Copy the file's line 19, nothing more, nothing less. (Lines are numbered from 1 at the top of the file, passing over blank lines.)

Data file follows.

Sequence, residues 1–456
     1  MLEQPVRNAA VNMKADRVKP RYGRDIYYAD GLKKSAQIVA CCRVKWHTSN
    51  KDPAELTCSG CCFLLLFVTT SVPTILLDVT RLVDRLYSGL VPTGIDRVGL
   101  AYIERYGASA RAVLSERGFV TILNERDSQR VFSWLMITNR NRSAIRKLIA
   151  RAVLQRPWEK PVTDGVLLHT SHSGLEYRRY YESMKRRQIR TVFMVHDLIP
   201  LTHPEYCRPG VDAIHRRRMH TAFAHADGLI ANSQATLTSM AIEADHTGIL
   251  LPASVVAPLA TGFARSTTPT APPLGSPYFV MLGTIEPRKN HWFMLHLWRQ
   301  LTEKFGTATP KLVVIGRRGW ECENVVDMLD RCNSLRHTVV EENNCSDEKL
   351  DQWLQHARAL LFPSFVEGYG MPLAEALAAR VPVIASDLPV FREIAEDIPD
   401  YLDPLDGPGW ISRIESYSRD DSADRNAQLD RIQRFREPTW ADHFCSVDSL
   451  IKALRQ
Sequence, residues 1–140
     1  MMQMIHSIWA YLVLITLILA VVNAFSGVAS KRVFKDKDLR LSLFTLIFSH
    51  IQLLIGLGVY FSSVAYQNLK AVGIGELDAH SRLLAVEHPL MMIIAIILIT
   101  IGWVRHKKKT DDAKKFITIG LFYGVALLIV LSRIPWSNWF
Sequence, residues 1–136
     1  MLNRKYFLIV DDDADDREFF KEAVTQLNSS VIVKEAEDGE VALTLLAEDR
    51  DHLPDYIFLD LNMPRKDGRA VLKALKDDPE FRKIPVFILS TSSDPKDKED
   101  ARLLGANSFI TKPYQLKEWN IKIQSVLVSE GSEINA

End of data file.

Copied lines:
   101  ARLLGANSFI TKPYQLKEWN IKIQSVLVSE GSEINA